With the loss of many low-skilled manufacturing jobs across the country due to automation and technological efficiencies, an entire generation of people that didn't finish college or trade school kept their high school/adolescent part-time job and tried to turn it into a career. While there are some opportunities in those occupations to advance and make a decent living, those occupations were NEVER designed to sustain a family on their own nor on 2 of those types of incomes.
This country doesn't have a wage problem it has a jobs problem, and until people understand and accept that certain jobs and occupations are not meant for full-time career employees, we will always have an issue with people not being paid a "living wage". Simply raising the wages for these low skilled/educated workers won't solve the problem, because that will either create inflation or cause employers to increase wages of those higher up the corporate ladder to create the appropriate differentiation based on skill, education, and experience. What needs to happen is for low-skilled/low education people to be driven into programs that give them the skills and education to perform jobs that can pay higher so as to not rely on restaurant, hospitality, and theme park jobs to support themselves as a career.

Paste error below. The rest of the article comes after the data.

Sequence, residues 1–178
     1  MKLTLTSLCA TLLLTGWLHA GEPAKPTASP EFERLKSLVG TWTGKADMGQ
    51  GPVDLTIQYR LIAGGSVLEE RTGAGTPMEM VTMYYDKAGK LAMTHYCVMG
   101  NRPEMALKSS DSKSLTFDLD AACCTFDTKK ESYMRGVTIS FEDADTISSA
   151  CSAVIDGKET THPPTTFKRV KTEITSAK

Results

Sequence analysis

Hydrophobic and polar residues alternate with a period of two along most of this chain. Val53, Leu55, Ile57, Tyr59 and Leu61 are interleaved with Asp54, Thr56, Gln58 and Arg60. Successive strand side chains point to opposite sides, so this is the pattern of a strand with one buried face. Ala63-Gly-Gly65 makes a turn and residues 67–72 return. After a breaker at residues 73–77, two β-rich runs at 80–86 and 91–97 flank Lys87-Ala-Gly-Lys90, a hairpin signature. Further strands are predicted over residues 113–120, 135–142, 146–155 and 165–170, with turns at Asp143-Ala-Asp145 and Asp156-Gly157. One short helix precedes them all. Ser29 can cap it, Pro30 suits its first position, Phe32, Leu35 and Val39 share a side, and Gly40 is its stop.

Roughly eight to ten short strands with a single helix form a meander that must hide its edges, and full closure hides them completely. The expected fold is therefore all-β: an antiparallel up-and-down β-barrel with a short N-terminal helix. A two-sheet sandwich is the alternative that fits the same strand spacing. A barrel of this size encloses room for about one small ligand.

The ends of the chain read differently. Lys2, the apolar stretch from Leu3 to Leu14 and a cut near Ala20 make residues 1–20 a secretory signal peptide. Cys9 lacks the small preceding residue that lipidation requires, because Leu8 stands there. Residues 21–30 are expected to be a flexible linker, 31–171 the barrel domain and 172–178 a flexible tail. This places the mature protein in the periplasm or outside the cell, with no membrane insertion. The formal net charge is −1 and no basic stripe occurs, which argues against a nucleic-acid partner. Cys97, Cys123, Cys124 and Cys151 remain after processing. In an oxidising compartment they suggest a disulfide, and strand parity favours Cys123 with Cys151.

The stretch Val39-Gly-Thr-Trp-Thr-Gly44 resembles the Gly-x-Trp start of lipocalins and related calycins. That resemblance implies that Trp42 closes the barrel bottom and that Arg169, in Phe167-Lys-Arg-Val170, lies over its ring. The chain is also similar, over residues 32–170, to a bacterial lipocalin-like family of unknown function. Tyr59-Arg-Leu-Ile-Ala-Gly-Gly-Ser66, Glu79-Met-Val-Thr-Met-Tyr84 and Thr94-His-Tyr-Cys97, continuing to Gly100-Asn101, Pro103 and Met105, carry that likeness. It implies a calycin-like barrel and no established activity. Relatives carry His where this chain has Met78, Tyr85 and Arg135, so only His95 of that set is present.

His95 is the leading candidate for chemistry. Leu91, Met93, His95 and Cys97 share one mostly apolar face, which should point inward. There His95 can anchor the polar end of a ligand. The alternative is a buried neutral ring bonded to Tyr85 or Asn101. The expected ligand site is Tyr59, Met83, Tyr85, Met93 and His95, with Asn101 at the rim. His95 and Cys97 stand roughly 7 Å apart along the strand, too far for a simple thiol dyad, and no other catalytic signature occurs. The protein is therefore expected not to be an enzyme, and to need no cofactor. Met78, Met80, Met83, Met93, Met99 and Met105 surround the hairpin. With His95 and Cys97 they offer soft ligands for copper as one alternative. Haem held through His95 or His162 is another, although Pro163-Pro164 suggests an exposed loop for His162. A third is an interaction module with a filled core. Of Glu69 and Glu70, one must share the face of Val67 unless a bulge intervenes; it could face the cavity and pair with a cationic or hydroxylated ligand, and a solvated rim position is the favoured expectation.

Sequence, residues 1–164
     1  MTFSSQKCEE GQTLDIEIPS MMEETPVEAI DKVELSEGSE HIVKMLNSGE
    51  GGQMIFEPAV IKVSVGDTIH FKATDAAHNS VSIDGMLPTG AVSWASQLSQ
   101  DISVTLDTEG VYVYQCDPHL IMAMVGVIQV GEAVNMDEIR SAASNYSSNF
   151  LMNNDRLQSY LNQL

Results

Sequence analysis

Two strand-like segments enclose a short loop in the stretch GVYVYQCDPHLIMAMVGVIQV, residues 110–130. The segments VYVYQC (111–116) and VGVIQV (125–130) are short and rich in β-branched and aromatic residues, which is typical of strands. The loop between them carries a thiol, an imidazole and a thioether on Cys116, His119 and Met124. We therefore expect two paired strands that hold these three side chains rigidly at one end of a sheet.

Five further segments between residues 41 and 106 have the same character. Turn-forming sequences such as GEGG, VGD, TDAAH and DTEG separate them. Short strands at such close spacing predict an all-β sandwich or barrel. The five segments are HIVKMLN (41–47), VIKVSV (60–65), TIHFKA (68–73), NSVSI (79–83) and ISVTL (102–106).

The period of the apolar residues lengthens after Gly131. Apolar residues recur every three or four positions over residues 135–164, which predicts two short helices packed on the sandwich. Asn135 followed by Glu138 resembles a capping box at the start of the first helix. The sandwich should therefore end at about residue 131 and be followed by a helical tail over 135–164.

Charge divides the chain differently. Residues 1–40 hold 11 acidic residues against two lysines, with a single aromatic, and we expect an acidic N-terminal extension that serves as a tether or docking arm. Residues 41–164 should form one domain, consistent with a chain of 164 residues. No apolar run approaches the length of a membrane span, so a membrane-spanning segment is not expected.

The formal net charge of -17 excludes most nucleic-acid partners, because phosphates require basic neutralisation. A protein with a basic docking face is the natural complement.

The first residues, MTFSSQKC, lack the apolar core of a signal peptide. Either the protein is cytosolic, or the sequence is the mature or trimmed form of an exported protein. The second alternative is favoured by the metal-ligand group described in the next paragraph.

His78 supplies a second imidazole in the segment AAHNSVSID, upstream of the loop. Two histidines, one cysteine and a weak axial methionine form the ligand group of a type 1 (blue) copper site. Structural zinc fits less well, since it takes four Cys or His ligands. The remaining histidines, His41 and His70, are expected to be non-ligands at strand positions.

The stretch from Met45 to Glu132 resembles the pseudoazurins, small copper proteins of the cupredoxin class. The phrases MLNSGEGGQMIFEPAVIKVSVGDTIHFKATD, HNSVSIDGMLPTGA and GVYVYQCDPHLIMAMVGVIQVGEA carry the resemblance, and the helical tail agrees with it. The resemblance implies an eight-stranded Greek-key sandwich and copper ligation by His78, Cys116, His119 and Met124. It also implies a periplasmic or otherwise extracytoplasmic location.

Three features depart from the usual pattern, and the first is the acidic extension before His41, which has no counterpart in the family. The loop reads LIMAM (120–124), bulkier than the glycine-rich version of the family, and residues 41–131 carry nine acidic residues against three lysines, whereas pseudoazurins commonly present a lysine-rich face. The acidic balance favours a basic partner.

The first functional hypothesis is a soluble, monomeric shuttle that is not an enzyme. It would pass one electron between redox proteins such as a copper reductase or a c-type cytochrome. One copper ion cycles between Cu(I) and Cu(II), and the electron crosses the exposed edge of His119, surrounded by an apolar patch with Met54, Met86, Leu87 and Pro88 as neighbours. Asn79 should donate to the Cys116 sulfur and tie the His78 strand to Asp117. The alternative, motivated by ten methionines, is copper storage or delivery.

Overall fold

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There's a story this week about a McDonald's franchise giving new employees an iPhone after they complete their first 6 months on the job.
At some point, these additional labor costs will have to be offset through additional revenue. It's easy to float these increased costs right now because of all the red ink splattered across ledgers right now caused by the pandemic, but eventually there will be a reckoning that almost certainly will result in significantly increased costs to guests (either financial or convenience).
A number of businesses are simply learning to do more with less, and while they are raising entry-level wages, those staff are expected to do more work than their lower-paid predecessors. Other companies are automating aspects of their business that used to be done by employees. It should be no surprise when more mobile ordering and touch screen ordering systems are forced on guests so parks no longer need to hire cashiers. It's gotten to the point where resort guests don't even need to visit the front desk to enter their room, as they are notified automatically when their smart phone (or MagicBand) is active to open their hotel room.